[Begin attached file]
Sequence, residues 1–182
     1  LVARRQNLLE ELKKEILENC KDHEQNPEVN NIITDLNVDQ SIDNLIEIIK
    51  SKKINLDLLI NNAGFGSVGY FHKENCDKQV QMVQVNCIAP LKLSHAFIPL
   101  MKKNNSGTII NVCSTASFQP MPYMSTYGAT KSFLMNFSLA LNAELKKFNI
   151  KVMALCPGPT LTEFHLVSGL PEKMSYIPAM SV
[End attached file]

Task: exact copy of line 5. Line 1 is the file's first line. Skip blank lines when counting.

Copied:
   151  KVMALCPGPT LTEFHLVSGL PEKMSYIPAM SV